King seemed to have no objections in allowing Tyson to unify. Funny that Larry lambasted Don and said he didn't want anything to do with King (when all's Don asked would he finally fight his mandatory). Yet after Page was fighting for another belt, Larry agreed to fight for King in his bouts with Smith and Bey.
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Old 12-24-2007, 08:27 AM   #58
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Default Re: Holmes or Lewis?

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Originally Posted by My dinner with Conteh
King seemed to have no objections in allowing Tyson to unify. Funny that Larry lambasted Don and said he didn't want anything to do with King (when all's Don asked would he finally fight his mandatory). Yet after Page was fighting for another belt, Larry agreed to fight for King in his bouts with Smith and Bey.
People chuckle, but Page really was the one guy Holmes was a bit leery of, more from knowing he was getting a bit over the hill and that Page was one guy who could really rise on the rare occasion. Page also hated him so just might have come in 100% focused. Larry HATED the thought of possibly losing the the at the time supposed heir apparent and appeasing his many critics and detractors. He especially hated the thought as he had got $10 000 against Cooney and was getting far less vs Page. Holmes knew Page would be far tougher at that stage if he came in firing, and he really did look to have turned the corner vs Snipes. Great shape, perfect tactics and good focus against an awkward foe. Of course he had also already told Witherspoon he wasn't getting no rematch, so it's not as if Page was alone. As he publically stated, he wanted to cruise to retirement and would fight easier foes as he thought he had earnt that distinction.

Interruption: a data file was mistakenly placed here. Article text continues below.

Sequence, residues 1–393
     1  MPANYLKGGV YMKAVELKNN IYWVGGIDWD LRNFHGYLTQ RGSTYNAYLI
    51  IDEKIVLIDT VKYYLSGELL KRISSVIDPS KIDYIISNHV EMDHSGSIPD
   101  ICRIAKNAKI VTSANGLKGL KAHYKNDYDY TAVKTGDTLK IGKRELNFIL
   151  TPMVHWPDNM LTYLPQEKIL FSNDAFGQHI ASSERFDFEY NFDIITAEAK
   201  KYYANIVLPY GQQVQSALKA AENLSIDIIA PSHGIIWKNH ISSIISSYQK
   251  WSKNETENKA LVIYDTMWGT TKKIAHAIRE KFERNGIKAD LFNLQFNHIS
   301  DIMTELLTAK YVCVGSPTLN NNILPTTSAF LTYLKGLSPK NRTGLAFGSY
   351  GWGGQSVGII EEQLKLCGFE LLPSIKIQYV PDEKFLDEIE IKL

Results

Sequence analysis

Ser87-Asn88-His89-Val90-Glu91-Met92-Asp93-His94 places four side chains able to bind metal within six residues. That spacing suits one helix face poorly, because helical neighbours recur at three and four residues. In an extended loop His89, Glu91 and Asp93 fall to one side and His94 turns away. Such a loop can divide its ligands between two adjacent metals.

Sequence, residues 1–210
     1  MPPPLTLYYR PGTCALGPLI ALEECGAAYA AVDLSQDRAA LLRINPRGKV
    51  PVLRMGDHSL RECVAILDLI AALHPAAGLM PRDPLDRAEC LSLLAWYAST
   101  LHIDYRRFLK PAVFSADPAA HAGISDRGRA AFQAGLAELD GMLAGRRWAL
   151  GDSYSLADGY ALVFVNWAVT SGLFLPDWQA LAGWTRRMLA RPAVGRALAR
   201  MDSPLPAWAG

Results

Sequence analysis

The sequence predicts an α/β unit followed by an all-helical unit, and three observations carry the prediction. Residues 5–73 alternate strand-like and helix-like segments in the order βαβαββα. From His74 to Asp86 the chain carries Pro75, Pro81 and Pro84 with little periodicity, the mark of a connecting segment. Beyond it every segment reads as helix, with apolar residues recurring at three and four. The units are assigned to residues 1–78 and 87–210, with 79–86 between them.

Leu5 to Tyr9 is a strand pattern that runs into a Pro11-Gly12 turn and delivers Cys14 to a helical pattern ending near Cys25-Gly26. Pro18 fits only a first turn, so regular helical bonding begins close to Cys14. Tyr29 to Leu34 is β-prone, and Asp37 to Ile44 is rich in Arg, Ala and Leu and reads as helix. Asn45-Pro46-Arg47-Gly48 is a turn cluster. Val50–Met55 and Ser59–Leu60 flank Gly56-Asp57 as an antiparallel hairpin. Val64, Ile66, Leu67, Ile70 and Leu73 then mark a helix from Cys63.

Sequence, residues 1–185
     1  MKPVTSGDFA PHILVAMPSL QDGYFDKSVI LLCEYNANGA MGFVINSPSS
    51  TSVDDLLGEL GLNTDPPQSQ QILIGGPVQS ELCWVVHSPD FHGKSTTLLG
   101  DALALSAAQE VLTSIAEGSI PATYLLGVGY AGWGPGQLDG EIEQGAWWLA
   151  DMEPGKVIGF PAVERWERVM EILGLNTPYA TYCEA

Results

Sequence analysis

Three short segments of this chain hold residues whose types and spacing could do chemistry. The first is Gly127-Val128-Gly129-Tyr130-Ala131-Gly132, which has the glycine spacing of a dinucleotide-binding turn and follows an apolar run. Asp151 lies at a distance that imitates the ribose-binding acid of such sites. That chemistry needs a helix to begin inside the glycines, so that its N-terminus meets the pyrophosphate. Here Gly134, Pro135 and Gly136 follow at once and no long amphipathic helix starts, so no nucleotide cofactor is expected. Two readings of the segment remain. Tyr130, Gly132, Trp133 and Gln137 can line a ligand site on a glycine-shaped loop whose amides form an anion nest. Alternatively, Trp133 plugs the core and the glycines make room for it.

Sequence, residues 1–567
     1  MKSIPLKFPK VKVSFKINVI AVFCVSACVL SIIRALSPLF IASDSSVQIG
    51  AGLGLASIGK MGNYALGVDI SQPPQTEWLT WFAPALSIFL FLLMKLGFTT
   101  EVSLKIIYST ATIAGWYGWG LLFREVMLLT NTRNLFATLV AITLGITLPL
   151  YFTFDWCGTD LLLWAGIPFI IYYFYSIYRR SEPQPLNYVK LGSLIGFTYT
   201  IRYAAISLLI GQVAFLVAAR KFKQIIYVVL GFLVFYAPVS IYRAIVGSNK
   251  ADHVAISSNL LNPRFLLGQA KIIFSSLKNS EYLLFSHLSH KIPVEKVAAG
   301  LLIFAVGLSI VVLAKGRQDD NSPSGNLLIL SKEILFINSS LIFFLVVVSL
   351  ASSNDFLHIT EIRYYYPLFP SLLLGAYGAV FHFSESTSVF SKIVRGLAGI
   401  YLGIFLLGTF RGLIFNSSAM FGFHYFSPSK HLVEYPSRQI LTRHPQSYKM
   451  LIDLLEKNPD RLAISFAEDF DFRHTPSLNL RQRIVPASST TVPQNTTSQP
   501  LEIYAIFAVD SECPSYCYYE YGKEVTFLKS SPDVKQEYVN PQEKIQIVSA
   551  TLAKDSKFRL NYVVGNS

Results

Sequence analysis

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Old 12-24-2007, 09:19 AM   #59
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Originally Posted by My dinner with Conteh
King seemed to have no objections in allowing Tyson to unify. Funny that Larry lambasted Don and said he didn't want anything to do with King (when all's Don asked would he finally fight his mandatory). Yet after Page was fighting for another belt, Larry agreed to fight for King in his bouts with Smith and Bey.
Tyson was a huge draw though. He could make just as much money with having Tyson as he could with all of the other guys as champ. The fact of it is, Tyson was one of the, if not the most exciting fighter of all time. Even non-boxing fans would watch him fight just because he was so exciting.

Do you blame Larry for refusing to deal with King when King threatened to have Larry's legs broken? Or how about being cheated out of your money for the past 7-8 years? If Larry went along with King eventually he'd have been screwed over as Tyson.
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Old 12-24-2007, 09:23 AM   #60
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Originally Posted by JohnThomas1
People chuckle, but Page really was the one guy Holmes was a bit leery of, more from knowing he was getting a bit over the hill and that Page was one guy who could really rise on the rare occasion. Page also hated him so just might have come in 100% focused. Larry HATED the thought of possibly losing the the at the time supposed heir apparent and appeasing his many critics and detractors. He especially hated the thought as he had got $10 000 against Cooney and was getting far less vs Page. Holmes knew Page would be far tougher at that stage if he came in firing, and he really did look to have turned the corner vs Snipes. Great shape, perfect tactics and good focus against an awkward foe. Of course he had also already told Witherspoon he wasn't getting no rematch, so it's not as if Page was alone. As he publically stated, he wanted to cruise to retirement and would fight easier foes as he thought he had earnt that distinction.
Larry was a buisness man. He got 5 mill for fighting Frazier and Frank, when he would have gotten around 3.8 mill for Page. If you are looking to make money, not legacy, what would you do? Also, I think we all know people would still piss and moan about Larry's comp even if he did fight and beat Page, Thomas, Coetzee, and Dokes.